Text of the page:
St. Martha's Hospital
St. Martha's Hospital School
In 1906, St. Martha's Hospital was opened in a rented cottage on West Street, Antigonish, Nova Scotia. The hospital, operated by the Sisters of St. Martha, purchased an additional property in 1907, which would accommodate more patients. In 1911, St. Martha’s Hospital School of Nursing opened when the six-bed cottage on West Street secured a larger location, known as the Harris House. By 1914, the first class of four nurses graduated. The training period lasted three years, until 1969 when the program was changed, with certain misgivings, to a two-year program. In its 84 year history, St. Martha’s School of Nursing saw more than 2,220 nurses graduate from the school.
The House of Providence, previously the home to the Congregation of St. Martha (CSM) Novitiate, was converted into a maternity unit for the hospital and was in use until 1924. A new building was opened in 1926 which was, along with the St. Martha's School of Nursing, affiliated with St. Francis Xavier University. In 1932 the Province of Nova Scotia built a tuberculosis unit on the ground floor of the hospital, also operated by the Sisters. In 1943 St. Martha's Hospital purchased an additional property to serve as an adjunct to the hospital for convalescent care.
The house opened in 1944 under the name J.L. MacIsaac Memorial Home. Two years later the home was closed and used as living quarters for doctors working at the hospital. In 1950-1951 three new wings were added to the hospital and in 1962 a new building was constructed for the School of Nursing and a Sisters' residence. The provincial government designated St. Martha's Hospital a regional hospital in 1972. In 1986 a new hospital was constructed and all former buildings, with the exception of the School of Nursing, were demolished. The new St. Martha's Hospital was formally opened in 1989. In 1996 the administration of the hospital was formally transferred to the Eastern Regional Health Board.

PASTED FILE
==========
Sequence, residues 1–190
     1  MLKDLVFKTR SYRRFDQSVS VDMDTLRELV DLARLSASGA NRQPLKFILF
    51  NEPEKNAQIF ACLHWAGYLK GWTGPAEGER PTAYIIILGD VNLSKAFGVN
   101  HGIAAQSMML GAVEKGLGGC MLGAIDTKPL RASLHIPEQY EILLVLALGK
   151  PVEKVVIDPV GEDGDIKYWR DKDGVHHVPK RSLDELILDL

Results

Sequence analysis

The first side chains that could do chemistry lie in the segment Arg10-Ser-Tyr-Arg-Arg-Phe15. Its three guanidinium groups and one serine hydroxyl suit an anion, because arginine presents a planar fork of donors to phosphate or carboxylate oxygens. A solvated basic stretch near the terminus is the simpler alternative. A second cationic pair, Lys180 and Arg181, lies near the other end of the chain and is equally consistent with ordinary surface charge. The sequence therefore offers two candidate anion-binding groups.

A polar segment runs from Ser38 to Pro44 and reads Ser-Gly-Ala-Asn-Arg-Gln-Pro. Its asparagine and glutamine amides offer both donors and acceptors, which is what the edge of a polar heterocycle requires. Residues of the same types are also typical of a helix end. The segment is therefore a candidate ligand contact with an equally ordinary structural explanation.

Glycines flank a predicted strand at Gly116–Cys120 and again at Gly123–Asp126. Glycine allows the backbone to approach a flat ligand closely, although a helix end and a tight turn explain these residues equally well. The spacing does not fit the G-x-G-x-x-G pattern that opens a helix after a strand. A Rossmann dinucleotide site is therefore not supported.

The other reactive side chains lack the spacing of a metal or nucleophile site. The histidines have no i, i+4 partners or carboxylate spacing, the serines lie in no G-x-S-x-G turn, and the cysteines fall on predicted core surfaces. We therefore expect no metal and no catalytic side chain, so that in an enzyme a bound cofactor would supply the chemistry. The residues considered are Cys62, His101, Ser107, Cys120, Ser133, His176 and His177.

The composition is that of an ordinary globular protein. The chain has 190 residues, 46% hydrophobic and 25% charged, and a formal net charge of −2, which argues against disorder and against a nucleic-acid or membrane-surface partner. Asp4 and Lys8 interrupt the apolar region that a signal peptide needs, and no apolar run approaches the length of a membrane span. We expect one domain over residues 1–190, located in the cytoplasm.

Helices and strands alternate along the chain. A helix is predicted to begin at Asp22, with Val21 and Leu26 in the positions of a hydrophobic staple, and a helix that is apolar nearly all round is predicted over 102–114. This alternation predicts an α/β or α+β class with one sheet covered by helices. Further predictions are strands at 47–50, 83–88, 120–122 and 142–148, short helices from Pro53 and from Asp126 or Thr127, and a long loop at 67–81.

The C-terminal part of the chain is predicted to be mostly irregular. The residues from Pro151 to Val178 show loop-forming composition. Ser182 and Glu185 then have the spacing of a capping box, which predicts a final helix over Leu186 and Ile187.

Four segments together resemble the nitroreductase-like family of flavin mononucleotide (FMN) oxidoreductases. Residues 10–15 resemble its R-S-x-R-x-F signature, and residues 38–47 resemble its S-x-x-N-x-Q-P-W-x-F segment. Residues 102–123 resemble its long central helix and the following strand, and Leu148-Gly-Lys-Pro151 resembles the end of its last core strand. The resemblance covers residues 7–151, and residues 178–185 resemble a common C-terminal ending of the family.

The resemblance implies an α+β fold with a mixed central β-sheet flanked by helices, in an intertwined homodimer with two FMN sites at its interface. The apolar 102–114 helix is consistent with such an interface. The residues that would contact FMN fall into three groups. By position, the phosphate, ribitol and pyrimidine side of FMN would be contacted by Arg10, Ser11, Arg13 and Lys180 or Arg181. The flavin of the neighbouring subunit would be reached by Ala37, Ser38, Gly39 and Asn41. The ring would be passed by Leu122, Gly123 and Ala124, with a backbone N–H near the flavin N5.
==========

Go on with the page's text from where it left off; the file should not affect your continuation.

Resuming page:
The St. Martha’s Hospital School of Nursing motto was: Science, Service and Sanctity, and applicants to the school were plentiful. Large classes were often enrolled, and at one time, two classes were admitted each year. When the school first opened, students could enter upon completion of Grade 9. By the mid 1970’s, Grade 12 was the minimum standard.
The Sisters of St. Martha were pioneers of university education and as nursing standards improved by the mid 1930s, St. Martha’s was prompted to realize the need for further education, and in particular for the faculty. Several Sisters obtained baccalaureate degrees, and one, Sister Mary of Calvary, became the first Nurse on Nova Scotia to obtain a Masters Degree in Nursing Education, in 1940. St. Martha’s School of Nursing always supported the position of baccalaureate preparation for Nurses by the year 2001, so it is with a sense of extreme pride that the hospital continues its involvement with Nursing Education through its affiliation with the baccalaureate program at St. Francis Xavier University. The legacy of progress and advancement of nursing education woven over 84 years, will pass on to the University and their longstanding association will continue the promotion of Christian Catholic values in the education and lives of students in the baccalaureate program.
* Source: McMahon, Sister M. (Oct. 1995). St. Martha's Hospital; Legacy of the Past, Foundations of the Future. College of Registered Nurses of Nova Scotia. Nurse to Nurse, 23.
© 2005 Mount Saint Vincent University Archives
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